Russian city awaits potash boom but outlook fragile – by Agence France-Presse/Global (June 11, 2013)

At first sight, Berezniki looks a typically bland provincial Russian outpost with its decrepit housing blocks and factory chimneys.

But the city in the Perm region of the Urals sits on a vast and hugely valuable secret — one of the world’s biggest deposits of potash, a mineral that is now coveted across the world as a fertiliser for food crops.

Berezniki, 1,200 kilometres (750 miles) east of Moscow, sits on the Verkhnekamsk deposit, which was discovered in 1925 and which was developed after World War II.

Its proven reserves represent some 34.5 percent of the world’s total and the deposit is the second biggest in the world after those in Saskatchewan in Canada, according to the US Geological Survey.

A veritable army of miners march up and down the kilometres of passages that have already been carved out 450 metres (1,500 feet) underground. Their machines work day and night to mine the pink coloured rock where the mineral is contained.

This is then taken to the surface by conveyors to extract the precious mineral. Once turned into powder or crystalised as granules, potash is used as a fertiliser to help crops grow and increase their immunity to disease.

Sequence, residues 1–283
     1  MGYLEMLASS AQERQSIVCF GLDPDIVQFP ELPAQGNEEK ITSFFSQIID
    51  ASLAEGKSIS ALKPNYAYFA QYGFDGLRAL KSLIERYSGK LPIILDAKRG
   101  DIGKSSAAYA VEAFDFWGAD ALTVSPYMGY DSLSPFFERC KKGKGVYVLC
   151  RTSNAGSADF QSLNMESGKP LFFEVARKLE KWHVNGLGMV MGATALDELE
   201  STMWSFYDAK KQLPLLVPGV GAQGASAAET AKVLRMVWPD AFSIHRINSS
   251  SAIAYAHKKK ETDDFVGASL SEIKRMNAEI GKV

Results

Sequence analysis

The demand for potash is growing exponentially at a time when the world’s population is exploding and the need for cereal crops among fast-growing emerging economies such as China growing sharply.

But despite the boom, the outlook for the industry has become considerably more complicated in recent years.

The main players in the potash industry need to be constantly aware of the need for a balanced strategy to satisfy demand while not resorting to over-production which could result in a serious price fall.

The Russian potash giant Uralkali which owns five mines in the region and employs 11,800 people had to reduce its production at the end of 2012.

The reason was poor weather conditions for agriculture and also macro-economic uncertainty which made farmers reduce their fertiliser purchases.

There were also delays in the signature of contracts with China and India, two major emerging market clients but also tough negotiators.

The prices of potash jumped after the food supply crisis of 2007-2008, prompting India and China to look for alternative fertilisers. As a result, potash prices slumped by 10 percent in 2012.

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